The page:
Motor Medics: Firefighters navigate Daytona's Bike Week on their own motorcycles

Traffic in Daytona Beach during Bike Week can make it tough for first responders to get to emergencies. Paramedics have come up with a creative solution to respond faster, using their own motorcycles.

"It’s a unique event that required a unique solution," said Lt. Scott Hughes with the Daytona Beach Fire Department.

The solution can put the paramedics at the scene in seconds when it can take an ambulance or fire truck up to 20 minutes to get through the traffic. "We can have the legs, the broken arms splinted up, packaged, secured," said Lt. Ryan Bigger. "As soon as the ambulance gets there, put them on the stretcher, and they can go."

This week, the motor medics say they've had anywhere from 10 to 25 calls per shift, many of them motorcycle accidents. The motor medic program was the first of its kind when it started in Daytona Beach back in 1994. Bikers at the event say they appreciate seeing the red Harleys.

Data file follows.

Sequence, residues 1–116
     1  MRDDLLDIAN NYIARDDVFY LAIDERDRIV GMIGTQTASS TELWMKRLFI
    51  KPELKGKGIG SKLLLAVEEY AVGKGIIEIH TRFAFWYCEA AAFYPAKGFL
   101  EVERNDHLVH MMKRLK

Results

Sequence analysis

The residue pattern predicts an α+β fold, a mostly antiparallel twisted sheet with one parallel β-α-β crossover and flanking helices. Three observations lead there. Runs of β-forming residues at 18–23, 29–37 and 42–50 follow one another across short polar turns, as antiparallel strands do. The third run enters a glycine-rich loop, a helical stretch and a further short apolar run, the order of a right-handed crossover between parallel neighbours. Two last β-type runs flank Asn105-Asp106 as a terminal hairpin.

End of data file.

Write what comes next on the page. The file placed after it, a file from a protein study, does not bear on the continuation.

"It’s wonderful," said Brett Kloutier while visiting Bike Week. "It allows them fast, easy access to the first responders, you can move through traffic quickly, whereas an ambulance, it’s like parting the sea."

While the bikes can't move patients, they're loaded up with a lot of the same gear the trucks have. They carry everything from oxygen tanks and medications to defibrillators. "We’re very proud of it," Bigger said. "It is an honor to be riding these motorcycles for our city."

The motor medics come out for other big events too, like the Daytona 500 and Biketoberfest.